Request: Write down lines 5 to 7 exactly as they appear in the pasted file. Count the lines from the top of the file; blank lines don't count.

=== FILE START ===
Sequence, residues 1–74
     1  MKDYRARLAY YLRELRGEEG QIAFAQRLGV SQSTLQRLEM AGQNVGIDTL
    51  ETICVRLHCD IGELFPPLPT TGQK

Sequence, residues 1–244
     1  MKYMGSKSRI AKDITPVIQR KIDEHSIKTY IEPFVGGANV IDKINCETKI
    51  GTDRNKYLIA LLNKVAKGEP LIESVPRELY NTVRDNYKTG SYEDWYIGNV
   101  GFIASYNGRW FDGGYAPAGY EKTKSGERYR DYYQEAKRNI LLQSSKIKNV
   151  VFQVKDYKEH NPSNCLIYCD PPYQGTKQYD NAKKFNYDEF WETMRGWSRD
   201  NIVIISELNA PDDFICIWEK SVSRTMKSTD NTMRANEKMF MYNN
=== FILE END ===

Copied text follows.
     1  MKYMGSKSRI AKDITPVIQR KIDEHSIKTY IEPFVGGANV IDKINCETKI
    51  GTDRNKYLIA LLNKVAKGEP LIESVPRELY NTVRDNYKTG SYEDWYIGNV
   101  GFIASYNGRW FDGGYAPAGY EKTKSGERYR DYYQEAKRNI LLQSSKIKNV